In this third of three articles on how to solo over chord changes, we’ll look at this final (and awaited) jazz guitar tip:
Learn your 4-note jazz guitar arpeggios!
This is very often where beginning jazz improvisers start… the rationale is that if we improvise on a sequence of chords, then we might as well start with the “good notes” as a foundation for our solos. Right? 🙂
Indeed, this makes a lot of sense!
Notice that the notes contained in a chord (say, C major 7th = C-E-G-B) are exactly the same notes found in the assorted arpeggio. Since our aim in jazz improvisation is to reflect the chord sequence within our solo lines, then learning jazz guitar arpeggios at first is a very good idea.
A Further Answer to “Why?”
Furthermore, we did not start directly with jazz guitar arpeggios in this series simply because (I believe) it’s more important to know where the chords come from … namely: scales!
If you did you homework well (learned 7-note scales in the previous post), then the musical material in this post will take care of itself.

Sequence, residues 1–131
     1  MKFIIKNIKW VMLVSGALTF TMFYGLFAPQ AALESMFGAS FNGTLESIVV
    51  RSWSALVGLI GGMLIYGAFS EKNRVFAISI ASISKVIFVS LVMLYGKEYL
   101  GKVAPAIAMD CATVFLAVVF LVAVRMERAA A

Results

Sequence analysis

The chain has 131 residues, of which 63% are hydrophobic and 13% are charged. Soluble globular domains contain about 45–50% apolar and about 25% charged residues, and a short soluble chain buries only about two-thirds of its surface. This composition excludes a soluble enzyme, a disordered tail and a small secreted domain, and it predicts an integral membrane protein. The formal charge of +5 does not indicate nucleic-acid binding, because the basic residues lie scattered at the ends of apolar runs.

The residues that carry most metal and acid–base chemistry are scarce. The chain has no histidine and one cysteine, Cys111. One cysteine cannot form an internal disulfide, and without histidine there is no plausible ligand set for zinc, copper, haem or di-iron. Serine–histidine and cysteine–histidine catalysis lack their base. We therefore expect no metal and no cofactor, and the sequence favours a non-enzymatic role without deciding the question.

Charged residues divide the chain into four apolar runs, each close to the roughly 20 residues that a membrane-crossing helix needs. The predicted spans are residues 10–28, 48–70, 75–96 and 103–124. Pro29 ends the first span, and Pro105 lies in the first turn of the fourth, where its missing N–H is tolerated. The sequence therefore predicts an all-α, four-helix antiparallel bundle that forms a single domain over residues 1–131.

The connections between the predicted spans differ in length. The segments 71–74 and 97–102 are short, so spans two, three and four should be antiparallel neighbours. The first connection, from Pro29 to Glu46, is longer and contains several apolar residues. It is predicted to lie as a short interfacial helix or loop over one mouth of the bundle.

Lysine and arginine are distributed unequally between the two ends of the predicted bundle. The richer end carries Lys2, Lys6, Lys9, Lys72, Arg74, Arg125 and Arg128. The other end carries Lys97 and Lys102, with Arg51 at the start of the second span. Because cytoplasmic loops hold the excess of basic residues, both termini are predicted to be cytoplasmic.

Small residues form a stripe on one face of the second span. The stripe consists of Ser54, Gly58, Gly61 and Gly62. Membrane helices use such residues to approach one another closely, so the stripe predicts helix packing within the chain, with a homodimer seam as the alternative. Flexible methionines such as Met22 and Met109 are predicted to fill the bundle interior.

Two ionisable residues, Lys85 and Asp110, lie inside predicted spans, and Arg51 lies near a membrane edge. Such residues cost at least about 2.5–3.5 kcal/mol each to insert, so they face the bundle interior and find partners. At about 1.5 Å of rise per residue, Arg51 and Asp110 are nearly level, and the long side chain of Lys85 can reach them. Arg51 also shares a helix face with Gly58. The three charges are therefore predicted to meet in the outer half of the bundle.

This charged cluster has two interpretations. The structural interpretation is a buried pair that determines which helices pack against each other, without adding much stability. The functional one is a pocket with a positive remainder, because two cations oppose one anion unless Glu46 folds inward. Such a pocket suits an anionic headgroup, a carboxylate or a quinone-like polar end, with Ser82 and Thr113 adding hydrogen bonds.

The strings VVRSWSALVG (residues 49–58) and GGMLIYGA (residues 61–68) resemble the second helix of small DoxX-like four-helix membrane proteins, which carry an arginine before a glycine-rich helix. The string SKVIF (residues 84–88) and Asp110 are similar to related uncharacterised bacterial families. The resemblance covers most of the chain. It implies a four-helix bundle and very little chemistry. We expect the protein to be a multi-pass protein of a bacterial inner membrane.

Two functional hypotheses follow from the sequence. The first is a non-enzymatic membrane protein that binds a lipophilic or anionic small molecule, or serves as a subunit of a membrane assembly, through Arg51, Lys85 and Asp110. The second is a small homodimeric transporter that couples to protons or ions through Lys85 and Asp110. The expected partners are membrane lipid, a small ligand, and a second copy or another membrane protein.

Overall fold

We’ll see that jazz guitar arpeggios are simply scales “with holes” in them. Punch-hole anyone?
Building 4-note Jazz Guitar Arpeggios
We want this series of articles and posts to be thorough, right? Se here it is: take the scale you used in the previous post, and remove the scale degrees 2, 4 and 6.
For instance, if the chord is C major 7th then:
- The scale is C D E F G A B (i.e. 1 2 3 4 5 6)
- The 4-note arpeggio is C E G B (i.e. 1 3 5 7)
Zat sit! Easy breezy. 🙂
“But, how do we outline chord changes now?”
No big surprise here. You know the drill: Take tune on your current tunes list and shed the heck out of 4-note arpeggios! Notice that we retain the benefit of having chord-tones falling on the strong beat of the bar of 4/4. A happy by-product of learning our scales first and then (only) “punching holes” into them to get arpeggios. 😉
(and yes, play your arpeggios in quarter-notes only!)
And, of course, watch the video above. Here’s the jazz guitar arpeggios form the example in the video (on the II-V-I in C major:
- on Dm7 play D, F, A, C
- on G7 play G, B, D, F
- on C major 7 play C, E, G, B, G, E and C (or something similar)
The Course to Learn it All
Learn everything we saw in the three last blog posts and videos (including this one) in this online course:
Take a look at Jazz Guitar: Painless Scale Positions. It is made of tons of jazz guitar arpeggios, scales exercises, chords (and more) to have you improvise over the II-V-I progression.
With 2.5 hours of video and 15 assignments, we even do all this stuff in all positions … and in all keys. PDFs with TABS included. Such a sweet jazz guitar deal. 🙂